Length: 8-10 full pages
Proposal Due: Friday, April 10th (via Canvas)
Draft #1 Due: Sunday, April 19th (via Canvas)
Peer Letters Due: Tuesday, April 28th (via Canvas)
Draft #2 Due: Sunday, May 3rd (via Canvas)
Student-Instructor Conferences: Tuesday, May 5th – Thursday, May 7th
Final Draft Due: Sunday, May 17th (via Canvas)
Final Draft 30 points
Peer Letters 10 points
Checklist of Requirements:
- A paper proposal describing a paper topic that explores an issue relevant to a community or category of identity with which you do not identify
- A narrowly framed argument pertaining to an issue or concern associated with the group being addressed as part of the topic
- Two drafts submitted through Canvas
- One round of peer letters completed in response to your peers’ first drafts
- One scheduled conference with your instructor to discuss your progress and second draft
- Three scholarly, peer-reviewed secondary sources
- Additional scholarly or nonscholarly sources will likely be needed in addition to this basic requirement. (No more than ten sources.)
- Meaningful synthesis of sources throughout the paper
- Incorporates and responds to a range of sources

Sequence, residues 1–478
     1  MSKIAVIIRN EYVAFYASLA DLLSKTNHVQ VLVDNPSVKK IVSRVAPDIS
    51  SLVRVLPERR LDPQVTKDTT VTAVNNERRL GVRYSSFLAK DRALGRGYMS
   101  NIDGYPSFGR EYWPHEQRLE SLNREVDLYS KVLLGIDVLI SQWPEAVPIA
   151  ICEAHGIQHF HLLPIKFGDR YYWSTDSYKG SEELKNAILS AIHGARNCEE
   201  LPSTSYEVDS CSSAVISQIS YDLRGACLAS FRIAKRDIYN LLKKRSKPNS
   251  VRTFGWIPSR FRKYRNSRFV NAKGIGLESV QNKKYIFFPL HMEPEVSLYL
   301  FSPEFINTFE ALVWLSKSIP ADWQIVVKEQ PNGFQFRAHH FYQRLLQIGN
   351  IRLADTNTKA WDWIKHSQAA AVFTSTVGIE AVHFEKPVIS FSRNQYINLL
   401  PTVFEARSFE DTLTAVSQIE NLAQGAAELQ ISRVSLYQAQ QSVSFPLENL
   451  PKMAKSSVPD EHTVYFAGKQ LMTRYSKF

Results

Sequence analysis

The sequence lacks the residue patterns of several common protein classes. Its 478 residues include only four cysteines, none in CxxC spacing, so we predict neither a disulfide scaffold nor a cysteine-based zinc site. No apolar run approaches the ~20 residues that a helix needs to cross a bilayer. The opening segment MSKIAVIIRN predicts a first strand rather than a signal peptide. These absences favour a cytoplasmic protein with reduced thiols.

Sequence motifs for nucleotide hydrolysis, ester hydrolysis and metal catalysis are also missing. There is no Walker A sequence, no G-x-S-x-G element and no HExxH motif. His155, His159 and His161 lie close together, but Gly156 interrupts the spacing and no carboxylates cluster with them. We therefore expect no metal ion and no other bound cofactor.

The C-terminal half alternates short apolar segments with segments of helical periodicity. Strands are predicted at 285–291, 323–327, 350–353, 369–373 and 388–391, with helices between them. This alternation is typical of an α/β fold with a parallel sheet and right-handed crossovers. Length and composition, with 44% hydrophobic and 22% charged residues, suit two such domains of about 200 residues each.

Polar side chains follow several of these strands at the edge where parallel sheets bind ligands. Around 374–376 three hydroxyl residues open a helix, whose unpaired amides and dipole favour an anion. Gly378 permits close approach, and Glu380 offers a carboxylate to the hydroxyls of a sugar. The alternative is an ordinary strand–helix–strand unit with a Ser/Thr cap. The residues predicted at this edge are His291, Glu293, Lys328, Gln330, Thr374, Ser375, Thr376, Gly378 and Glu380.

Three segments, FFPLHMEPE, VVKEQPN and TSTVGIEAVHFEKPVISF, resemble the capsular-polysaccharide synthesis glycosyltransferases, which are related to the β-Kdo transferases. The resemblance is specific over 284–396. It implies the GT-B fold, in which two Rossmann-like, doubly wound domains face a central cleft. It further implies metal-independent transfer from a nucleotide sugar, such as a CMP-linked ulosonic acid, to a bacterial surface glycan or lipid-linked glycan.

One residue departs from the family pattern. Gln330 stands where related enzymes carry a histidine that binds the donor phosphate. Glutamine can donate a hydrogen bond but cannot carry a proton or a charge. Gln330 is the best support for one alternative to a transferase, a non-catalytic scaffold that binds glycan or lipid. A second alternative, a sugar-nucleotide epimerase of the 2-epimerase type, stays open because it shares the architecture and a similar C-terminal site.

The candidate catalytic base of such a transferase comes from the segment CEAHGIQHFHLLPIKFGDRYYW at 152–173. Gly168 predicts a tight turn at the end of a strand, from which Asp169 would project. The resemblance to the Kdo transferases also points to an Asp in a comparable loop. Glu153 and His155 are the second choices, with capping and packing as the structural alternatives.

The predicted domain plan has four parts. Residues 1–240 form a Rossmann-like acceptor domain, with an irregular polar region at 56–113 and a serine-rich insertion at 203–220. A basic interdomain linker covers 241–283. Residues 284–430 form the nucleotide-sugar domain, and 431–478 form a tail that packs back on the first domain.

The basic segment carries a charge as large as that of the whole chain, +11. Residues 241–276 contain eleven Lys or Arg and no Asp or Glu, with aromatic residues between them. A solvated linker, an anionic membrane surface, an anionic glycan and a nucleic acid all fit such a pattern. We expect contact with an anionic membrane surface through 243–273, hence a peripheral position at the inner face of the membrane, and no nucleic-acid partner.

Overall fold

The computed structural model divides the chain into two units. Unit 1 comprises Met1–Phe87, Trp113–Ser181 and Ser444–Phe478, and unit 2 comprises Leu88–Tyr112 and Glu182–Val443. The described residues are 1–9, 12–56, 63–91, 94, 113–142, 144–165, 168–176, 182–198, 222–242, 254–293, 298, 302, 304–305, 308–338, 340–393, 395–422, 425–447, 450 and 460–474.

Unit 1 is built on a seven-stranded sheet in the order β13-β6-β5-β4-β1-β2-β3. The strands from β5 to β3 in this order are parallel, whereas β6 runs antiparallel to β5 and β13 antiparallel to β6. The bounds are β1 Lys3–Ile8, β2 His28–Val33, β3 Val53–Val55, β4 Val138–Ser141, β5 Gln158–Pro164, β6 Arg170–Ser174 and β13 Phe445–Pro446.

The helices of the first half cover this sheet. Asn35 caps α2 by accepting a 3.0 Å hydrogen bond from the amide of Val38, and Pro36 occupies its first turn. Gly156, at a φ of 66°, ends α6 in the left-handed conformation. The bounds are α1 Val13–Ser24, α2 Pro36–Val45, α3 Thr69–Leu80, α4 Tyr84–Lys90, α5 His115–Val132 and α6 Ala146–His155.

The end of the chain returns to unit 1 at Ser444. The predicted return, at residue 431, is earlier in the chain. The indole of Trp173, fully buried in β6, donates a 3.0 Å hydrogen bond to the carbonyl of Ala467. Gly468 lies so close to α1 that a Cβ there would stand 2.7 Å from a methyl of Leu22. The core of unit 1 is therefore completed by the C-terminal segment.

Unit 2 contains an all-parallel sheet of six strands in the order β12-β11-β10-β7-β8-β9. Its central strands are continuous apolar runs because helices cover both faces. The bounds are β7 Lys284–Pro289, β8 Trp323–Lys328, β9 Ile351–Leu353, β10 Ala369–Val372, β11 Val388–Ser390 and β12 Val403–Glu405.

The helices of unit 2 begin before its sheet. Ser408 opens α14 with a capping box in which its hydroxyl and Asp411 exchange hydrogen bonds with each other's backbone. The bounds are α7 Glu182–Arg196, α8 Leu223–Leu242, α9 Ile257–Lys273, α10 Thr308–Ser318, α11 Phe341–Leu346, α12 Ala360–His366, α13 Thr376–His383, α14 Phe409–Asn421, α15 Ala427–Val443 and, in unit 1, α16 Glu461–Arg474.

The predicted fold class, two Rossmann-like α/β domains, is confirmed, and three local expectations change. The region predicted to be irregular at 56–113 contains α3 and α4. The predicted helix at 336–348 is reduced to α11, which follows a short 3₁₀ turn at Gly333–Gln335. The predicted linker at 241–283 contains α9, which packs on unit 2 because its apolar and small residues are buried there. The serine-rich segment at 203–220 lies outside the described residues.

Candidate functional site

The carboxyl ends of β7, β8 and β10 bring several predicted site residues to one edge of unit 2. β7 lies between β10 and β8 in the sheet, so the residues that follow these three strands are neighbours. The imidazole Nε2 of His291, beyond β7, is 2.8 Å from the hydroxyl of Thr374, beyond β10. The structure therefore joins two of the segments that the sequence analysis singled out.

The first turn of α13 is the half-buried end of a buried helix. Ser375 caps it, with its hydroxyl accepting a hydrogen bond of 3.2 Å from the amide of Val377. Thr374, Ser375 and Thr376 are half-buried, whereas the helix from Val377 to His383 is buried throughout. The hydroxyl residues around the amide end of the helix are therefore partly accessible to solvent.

- Sources speak to each other consistently and productively without impeding writer’s voice
- An original, clearly-stated, and focused central argument or claim
- Organized creatively and effectively
- Clear demonstration of intensive revision between drafts
- Polished, concise, and engaging style
- Strong use of sources in service of main argument
- Sources frequently speak to each other and only occasionally overshadow the writer’s voice
- Clearly-stated and focused central argument or claim guiding paper
- Organized sensibly and deliberately
- Revised according to class comments
- Occasional mechanical errors but consistent voice
- Lack of meaningful engagement with sources
- Sources irregularly speak to each other and suggest a haphazard attempt at synthesis
- Use of a central claim but lacking in specificity
- Disjointed organization
- Halfhearted attempt at revision
- Prevalent and careless mechanical errors and inconsistent voice
- Fails to meet required number of sources or engages little with the ones chosen
- No coherent level of synthesis
- No detectable central claim
- Incoherent organization
- Little to no revision
- Ridden with senseless errors and lacking in any distinctive voice